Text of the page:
Gross examination of the gonadectomy specimen revealed a smooth, glistening mass with a solid grey-brown cut surface. The histopathologic report revealed seminiferous tubules lined predominantly by sertoli cells with peritubular fibrosis. No ovarian tissue was seen. The interstitium showed Leydig cell hyperplasia. No signs of malignancy were identified in both the gonads (Figure 3). The patient was put on oestrogen therapy and informed that she could have a normal sexual life but would be infertile.
|Figure 3: Testes: atrophy of the seminiferous tubules lined predominantly by immature Sertoli cells, peritubular fibrosis and leydig cel between immature tubulus.
Histopathological aspect, HE staining: ob.10x
Androgen insensitivity syndrome (AIS) or testicular feminization syndrome (TFS), is a rare disease when a male, genetically XY, because of various abnormalities of the X chromosome become resistant to the actions of androgen hormones, has some physical characteristic of a female, or even a full female phenotype.8 AIS is the most frequent X-linked recessive disorders of sex development and the most common type of male pseudohermafroditism. It characterized by complete or partial inability of cell respond to androgen secondary by mutation in the androgen receptor gene located on long arm of the X chromosome (locus Xq11-12) in the form of complete or partial deletions, point mutations or small insertions. Although 70% of these mutations are X-linked recessive, 30% can also be sporadic de novo mutations.9,10
According to the severity of androgen resistence, AIS represents a spectrum of phenotypic disorders that varies from pure female complete androgen insensitivity syndrome (CAIS), ambiguous genitalia partial androgen insensitivity (PAIS) and to phenotypically infertile male minimal androgen insensitivity form (MAIS). The complete form is 10 times more common than the incomplete form. Most of cases are diagnosed in the newborn period with inguinal masses. But others also present in late adolescent by the presence of primary amenorrhoea.8,11,12
AIS is diagnosed based on the following findings: absence of female internal genital organs on physical exam and pelvic ultrasonography, karyotyping, molecular genetic testing of the AR gene mutations (chromosomal locus Xq11-q12), and elevated testosterone and luteinizing hormone levels.13,14 In our case the diagnosis of AIS was based on gynecologic examination, pelvic ultrasound, hormonal analysis, diagnostic laparoscopy findings, karyotyping and histopathological study. The initial presentation in our case was primary amenorrhea, with a full female phenotype but without pubic and axillary hair, absence of female internal genital organs on physical exam, pelvic ultrasonography and laparoscopy, karyotyping which was 46 XY.
Elevated serum levels of testosterone and of LH, as endocrine features of CAIS at puberty, due to the androgen insensitivity and the consequent lack of negative feedback exerted by sex hormone on hypothalamus and hypophysis. Testosterone itself becomes target of aromatase, and is converted to estrogens. For this condition CAIS patients present with higher estrogens levels than normal male and have excellent development of breast as well as the present case. Testosterone level had also elevated in our patient.11,12 Anti-Müllerian Hormone (AMH) concentration in patients with AIS is normal, as the secretion and function of sertoli cell is not impaired. The testes continue to develop but usually remain either in the abdomen (21%), the groin (60%), or labia majora. Testosterone is formed normally during intrauterine life but due to inability of the target organs to respond to it, male characteristics fail to develop and the result is somatic female without any mullerian structures, such as uterus or fallopian tubes since the posterior vagina is also of mullerian origin its development, too, is inhibited and short blind vagina results. Pelvic ultrasonography usually shows absence of mullerian derivates and vaginal examination reveals a blind-ending vagina without a cervix. Our patient had all these features.11,15,16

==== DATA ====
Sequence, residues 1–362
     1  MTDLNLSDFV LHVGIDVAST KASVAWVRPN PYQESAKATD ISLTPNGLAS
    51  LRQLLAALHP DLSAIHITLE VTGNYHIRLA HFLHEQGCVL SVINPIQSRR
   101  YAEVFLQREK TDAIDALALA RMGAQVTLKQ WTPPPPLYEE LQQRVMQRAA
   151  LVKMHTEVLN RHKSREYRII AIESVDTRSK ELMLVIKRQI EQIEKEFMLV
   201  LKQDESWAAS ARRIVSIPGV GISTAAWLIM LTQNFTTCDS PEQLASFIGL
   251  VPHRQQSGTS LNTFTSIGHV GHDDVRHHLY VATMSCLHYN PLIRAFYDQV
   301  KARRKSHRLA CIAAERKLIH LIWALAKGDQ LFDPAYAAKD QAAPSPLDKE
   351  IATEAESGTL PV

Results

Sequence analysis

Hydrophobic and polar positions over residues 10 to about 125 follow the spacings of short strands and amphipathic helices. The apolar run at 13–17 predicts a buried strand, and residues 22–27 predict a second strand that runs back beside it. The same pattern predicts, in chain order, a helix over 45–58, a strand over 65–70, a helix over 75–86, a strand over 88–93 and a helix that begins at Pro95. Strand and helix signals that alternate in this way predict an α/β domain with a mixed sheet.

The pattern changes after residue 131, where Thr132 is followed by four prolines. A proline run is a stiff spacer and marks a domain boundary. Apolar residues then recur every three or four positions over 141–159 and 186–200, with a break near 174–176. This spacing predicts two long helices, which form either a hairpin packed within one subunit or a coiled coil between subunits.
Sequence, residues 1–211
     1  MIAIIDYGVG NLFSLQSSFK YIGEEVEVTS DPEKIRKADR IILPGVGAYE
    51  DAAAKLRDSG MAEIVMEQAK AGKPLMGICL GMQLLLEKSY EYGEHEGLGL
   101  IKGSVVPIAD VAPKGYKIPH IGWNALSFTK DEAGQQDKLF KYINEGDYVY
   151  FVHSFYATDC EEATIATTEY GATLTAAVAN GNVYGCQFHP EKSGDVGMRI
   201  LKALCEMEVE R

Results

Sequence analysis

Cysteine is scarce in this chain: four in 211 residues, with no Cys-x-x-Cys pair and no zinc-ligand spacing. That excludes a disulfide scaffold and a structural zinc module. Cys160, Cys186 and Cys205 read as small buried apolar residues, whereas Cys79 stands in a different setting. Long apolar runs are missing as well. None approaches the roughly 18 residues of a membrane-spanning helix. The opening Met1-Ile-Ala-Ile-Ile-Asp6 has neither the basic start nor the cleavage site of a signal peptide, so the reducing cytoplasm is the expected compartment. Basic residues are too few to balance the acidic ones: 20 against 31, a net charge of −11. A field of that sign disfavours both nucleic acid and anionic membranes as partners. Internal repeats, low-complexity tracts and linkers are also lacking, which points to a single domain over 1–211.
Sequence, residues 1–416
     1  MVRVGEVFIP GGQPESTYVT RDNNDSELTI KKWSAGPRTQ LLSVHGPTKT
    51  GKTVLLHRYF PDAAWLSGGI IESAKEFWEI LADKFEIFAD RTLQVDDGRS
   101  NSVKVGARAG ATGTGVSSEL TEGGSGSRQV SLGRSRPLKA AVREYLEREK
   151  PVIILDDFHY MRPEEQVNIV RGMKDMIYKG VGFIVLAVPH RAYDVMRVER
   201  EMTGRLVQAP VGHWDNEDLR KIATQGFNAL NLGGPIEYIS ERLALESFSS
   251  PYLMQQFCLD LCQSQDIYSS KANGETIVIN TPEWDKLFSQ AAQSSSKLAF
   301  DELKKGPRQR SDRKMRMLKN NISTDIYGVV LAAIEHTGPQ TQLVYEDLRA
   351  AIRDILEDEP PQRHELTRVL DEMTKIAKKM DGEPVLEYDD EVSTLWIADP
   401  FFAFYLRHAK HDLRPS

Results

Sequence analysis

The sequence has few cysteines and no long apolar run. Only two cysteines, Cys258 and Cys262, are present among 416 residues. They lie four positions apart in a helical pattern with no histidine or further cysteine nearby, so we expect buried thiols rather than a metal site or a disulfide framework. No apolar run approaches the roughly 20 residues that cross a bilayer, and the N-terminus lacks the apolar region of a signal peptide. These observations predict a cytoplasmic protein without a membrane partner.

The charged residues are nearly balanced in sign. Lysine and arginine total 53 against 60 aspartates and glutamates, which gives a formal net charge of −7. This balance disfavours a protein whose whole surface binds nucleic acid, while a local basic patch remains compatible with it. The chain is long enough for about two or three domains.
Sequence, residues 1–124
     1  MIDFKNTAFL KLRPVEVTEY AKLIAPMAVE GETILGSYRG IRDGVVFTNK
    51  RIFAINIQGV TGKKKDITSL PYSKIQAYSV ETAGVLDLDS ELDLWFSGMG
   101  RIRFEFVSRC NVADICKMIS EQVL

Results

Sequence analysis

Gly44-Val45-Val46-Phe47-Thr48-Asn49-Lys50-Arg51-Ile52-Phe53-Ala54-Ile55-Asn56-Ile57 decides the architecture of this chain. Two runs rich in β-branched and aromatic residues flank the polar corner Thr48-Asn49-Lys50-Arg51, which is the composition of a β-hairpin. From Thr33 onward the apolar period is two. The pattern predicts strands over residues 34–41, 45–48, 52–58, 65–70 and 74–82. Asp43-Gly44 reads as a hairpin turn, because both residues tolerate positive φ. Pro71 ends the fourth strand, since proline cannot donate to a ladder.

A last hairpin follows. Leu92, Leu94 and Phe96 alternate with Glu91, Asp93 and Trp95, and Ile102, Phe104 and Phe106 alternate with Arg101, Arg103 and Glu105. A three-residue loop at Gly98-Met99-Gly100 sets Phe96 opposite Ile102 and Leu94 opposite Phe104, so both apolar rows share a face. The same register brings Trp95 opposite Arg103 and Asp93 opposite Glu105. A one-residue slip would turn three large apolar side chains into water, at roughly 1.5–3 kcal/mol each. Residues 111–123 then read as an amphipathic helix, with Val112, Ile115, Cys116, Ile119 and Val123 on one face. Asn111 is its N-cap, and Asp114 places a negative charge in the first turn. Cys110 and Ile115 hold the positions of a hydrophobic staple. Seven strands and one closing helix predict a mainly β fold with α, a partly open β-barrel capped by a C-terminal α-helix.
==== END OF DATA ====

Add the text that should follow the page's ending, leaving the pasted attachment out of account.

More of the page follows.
Treatment of CAIS includes removal of the testes after puberty, when feminization is complete, in order to prevent testicular malignancy. Laparoscopy allows to clearly identify, locate as well as remove the gonads through a small incision. Localization of gonads is easier by laparoscopy as compared to laparotomy, due to the better visualization of the entire abdomen and pelvis.17,18,19 Laparoscopic removal of gonads has many advantages: minimal blood loss, rapid recovery, shorter hospital stays and minimum psychological trauma compared to laparotomy. The operational time is similar in laparoscopy and laparotomy.18,20
Bilateral laparoscopic gonadectomy is a minimally invasive effective procedure of removing the intraabdominal gonads in individuals with CAIS. This approach results in rapid recovery with minimal blood loss and should be considered for all patient with intraabdominal gonads.
Conflict of Interest
The authors declares that there is no conflict of interest regarding the publication of this paper.